config parameter points to a dwt_txconfig_t structure (shown below) with fields to configure the
pulse generator delay (PGdly) and TX power (power). Recommended values for PGdly are given in
Table 5 below.
Table 5: PGdly recommended values
TX Channel
recommended PGdly value
1
0xC9
2
0xC2
3
0xC5
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TX Channel
recommended PGdly value
4
0x95
5
0xC0
7
0x93
Table 6: TX power recommended values (when smart power is disabled)
TX Channel
recommended TX power value
16 MHz
recommended TX power value
64 MHz
1
0x75757575
0x67676767
2
0x75757575
0x67676767
3
0x6F6F6F6F
0x8B8B8B8B
4
0x5F5F5F5F
0x9A9A9A9A
5
0x48484848
0x85858585
7
0x92929292
0xD1D1D1D1
Table 6 above includes the recommended TX power spectrum vales, for use in the case of smart
power being disabled using the dwt_setsmarttxpower() API function, while Table 7 below applies
when smart power is enabled.
Table 7: TX power recommended values (when smart power is enabled)
TX Channel
recommended TX power value
16 MHz
recommended TX power value
64 MHz
1
0x15355575
0x07274767
2
0x15355575
0x07274767
3
0x0F2F4F6F
0x2B4B6B8B
4
0x1F1F3F5F
0x3A5A7A9A
5
0x0E082848
0x25456585
7
0x32527292
0x5171B1D1
NB: The values in Table 6 and Table 7 have been chosen to suit Decawave’s EVB1000 evaluation
boards. For other hardware designs the values here may need to be changed as part of the transmit
power calibration activity, and there is a location in OTP memory where the calibrated values can be
stored and then read as part of device initialisation (see function dwt_initalise()). Please consult with
Decawave’s applications support team for details of transmit power calibration procedures and
considerations.
5.10 dwt_setsmarttxpower
void dwt_setsmarttxpower(int enable);
This function enables or disables smart TX power functionality of DW1000.
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Parameters:
type
name
description
int
enable
1 to enable, 0 to disable the smart TX power feature.
Return Parameters:
none
Notes:
This function enables or disables smart TX power functionality.
Regional power output regulations typically specify the transmit power limit as -41 dBm in each 1
MHz of channel bandwidth, and generally measure this using a 1 ms dwell time in each 1 MHz
segment. When sending short frames at 6.8 Mbps it is possible for a single frame to be sent in a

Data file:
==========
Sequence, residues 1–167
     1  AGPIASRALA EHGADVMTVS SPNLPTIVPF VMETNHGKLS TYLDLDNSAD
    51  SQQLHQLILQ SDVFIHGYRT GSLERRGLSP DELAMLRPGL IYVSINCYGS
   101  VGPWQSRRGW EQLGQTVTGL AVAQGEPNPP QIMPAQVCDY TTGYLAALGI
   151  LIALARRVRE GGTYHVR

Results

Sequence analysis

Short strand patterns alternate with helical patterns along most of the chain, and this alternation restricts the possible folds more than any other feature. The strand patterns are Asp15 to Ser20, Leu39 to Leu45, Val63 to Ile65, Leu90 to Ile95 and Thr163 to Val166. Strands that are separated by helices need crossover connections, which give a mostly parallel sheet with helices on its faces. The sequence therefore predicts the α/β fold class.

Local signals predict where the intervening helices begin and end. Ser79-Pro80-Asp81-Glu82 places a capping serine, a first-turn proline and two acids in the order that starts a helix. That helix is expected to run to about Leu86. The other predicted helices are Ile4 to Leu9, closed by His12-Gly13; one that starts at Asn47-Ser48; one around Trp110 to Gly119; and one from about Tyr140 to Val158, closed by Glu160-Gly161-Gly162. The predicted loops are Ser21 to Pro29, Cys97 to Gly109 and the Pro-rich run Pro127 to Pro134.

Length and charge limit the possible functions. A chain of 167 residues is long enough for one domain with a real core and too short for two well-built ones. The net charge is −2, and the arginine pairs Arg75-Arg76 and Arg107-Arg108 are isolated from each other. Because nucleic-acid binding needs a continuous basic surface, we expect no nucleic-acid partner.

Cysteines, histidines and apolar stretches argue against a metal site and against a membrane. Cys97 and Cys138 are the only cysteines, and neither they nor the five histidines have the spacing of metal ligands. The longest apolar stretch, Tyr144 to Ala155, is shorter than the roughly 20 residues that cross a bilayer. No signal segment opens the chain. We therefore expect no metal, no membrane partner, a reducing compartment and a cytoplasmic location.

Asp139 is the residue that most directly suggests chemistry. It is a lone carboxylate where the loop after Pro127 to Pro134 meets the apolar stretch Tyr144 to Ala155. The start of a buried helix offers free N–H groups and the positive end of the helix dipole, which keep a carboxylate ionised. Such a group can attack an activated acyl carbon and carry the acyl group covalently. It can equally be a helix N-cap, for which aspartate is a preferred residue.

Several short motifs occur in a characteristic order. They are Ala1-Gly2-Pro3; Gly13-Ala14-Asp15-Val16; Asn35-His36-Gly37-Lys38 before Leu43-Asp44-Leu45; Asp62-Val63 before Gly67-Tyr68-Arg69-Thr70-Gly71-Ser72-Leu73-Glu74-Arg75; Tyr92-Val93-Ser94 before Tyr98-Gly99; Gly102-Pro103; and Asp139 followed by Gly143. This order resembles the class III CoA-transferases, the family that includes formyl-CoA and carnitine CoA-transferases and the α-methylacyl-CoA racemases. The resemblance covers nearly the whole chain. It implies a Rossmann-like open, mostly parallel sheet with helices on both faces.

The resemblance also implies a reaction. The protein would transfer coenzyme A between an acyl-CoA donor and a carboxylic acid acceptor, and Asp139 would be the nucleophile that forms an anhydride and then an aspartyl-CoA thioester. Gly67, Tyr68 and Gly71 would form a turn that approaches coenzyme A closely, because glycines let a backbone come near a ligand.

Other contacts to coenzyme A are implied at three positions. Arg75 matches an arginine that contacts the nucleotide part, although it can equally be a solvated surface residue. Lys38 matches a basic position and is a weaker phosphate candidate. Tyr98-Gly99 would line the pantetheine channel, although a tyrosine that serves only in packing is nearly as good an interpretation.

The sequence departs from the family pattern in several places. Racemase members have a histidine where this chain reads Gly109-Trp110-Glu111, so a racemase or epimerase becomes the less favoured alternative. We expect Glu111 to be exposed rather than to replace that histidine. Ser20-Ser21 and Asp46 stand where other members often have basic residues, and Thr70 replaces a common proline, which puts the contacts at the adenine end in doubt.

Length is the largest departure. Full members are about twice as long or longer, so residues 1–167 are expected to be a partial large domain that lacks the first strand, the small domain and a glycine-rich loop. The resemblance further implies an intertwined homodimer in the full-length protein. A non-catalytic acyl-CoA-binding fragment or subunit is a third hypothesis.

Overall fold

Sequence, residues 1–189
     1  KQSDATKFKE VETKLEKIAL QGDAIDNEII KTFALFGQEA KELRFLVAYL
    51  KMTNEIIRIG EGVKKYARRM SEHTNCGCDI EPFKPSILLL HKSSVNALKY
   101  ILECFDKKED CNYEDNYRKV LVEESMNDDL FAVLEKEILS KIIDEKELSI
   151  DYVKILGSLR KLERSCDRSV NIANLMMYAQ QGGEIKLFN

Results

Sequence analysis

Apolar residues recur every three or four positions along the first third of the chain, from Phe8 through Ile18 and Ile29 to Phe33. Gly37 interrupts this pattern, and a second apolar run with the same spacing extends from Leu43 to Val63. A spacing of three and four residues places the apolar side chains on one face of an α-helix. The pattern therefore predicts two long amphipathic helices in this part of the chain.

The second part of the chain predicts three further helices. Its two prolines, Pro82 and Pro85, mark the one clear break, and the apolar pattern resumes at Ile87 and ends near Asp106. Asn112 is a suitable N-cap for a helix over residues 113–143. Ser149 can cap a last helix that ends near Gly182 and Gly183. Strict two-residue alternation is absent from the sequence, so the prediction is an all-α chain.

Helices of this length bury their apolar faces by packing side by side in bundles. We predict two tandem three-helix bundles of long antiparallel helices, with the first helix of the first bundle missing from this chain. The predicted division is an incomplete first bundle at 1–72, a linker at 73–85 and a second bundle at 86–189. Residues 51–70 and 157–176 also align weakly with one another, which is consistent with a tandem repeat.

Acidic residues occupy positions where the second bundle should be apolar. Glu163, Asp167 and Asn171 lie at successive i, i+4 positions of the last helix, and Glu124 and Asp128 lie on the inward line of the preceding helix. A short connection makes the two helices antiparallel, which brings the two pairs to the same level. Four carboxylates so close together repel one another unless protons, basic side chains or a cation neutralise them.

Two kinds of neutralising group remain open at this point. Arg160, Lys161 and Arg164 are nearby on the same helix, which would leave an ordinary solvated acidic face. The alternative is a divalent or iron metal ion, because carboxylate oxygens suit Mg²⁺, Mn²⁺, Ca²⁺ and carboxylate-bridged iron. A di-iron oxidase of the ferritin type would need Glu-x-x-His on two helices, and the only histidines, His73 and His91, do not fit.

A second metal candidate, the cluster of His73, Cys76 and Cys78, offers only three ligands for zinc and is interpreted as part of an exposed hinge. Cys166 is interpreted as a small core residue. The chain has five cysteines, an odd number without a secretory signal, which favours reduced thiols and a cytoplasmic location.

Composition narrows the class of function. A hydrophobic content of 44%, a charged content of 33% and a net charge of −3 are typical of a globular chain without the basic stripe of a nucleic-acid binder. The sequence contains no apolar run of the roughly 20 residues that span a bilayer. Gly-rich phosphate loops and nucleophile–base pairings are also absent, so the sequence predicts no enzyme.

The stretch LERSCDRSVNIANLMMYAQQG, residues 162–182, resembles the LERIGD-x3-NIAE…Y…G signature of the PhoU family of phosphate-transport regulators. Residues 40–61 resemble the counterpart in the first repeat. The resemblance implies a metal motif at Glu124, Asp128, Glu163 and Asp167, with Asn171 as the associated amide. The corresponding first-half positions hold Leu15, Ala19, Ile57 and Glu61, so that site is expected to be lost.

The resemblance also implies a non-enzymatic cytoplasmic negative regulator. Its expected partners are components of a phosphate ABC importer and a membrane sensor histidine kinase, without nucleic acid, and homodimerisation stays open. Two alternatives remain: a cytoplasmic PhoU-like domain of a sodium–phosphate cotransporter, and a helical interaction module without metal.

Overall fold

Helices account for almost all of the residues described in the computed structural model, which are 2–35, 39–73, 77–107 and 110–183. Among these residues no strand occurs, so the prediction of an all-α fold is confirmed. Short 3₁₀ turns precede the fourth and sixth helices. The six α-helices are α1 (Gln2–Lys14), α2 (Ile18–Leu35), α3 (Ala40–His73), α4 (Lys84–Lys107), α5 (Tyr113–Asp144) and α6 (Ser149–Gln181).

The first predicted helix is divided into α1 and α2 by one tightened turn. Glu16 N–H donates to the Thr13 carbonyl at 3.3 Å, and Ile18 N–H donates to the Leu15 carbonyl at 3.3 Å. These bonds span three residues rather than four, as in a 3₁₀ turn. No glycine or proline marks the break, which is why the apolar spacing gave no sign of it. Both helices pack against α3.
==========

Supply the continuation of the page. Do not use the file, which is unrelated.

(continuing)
fraction of a millisecond, and then as long as the transmitter does not transmit again within that same
millisecond the power of that transmission can be increased and still comply with the regulations.
This power increase will increase the transmission range. To make use of this the DW1000 includes
functionality we call “Smart Transmit Power Gating” which automatically boosts the TX power for a
transmission when the frame is short.
Smart TX power control acts at the 6.8 Mbps data rate. When sending short data frames at this rate
(and providing that the frame transmission rate is at most 1 frame per millisecond) it is possible to
increase the transmit power and still remain within regulatory power limits which are typically
specified as average power per millisecond.
NB: When enabling/disabling smart TX power, the TX power values programmed via the
dwt_configuretxrf() function also need to be set accordingly. When smart TX power is disabled the
appropriate value from Table 6 should be used, and when smart TX power is enabled the appropriate
value from Table 7 should be used. The values in Table 6 and Table 7 have been chosen to suit
Decawave’s evaluation boards. For other hardware designs the values here may need to be changed
as part of the transmit power calibration activity. Please consult with Decawave’s applications
support team for details of transmit power calibration procedures and considerations.
5.11 dwt_setrxantennadelay
void dwt_setrxantennadelay(uint16 antennaDelay);
This function sets the RX antenna delay. The antennaDelay value passed is programmed into the RX
antenna delay register. This needs to be set so that the RX timestamp is correctly adjusted to
account for the time delay between the antenna and the internal digital RX timestamp event. This is
determined by a calibration activity. Please consult with Decawave applications support team for
details of antenna delay calibration procedures and considerations.
Parameters:
type
name
description
uint16
antennaDelay
The delay value is in DWT_TIME_UNITS (15.65 picoseconds ticks)
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Return Parameters:
none
Notes:
This function is used to program the RX antenna delay.
5.12 dwt_settxantennadelay
void dwt_settxantennadelay(uint16 antennaDelay);
This function sets the TX antenna delay. The antennaDelay value passed is programmed into the TX
antenna delay register. This needs to be set so that the TX timestamp is correctly adjusted to
account for the time delay between internal digital TX timestamp event and the signal actually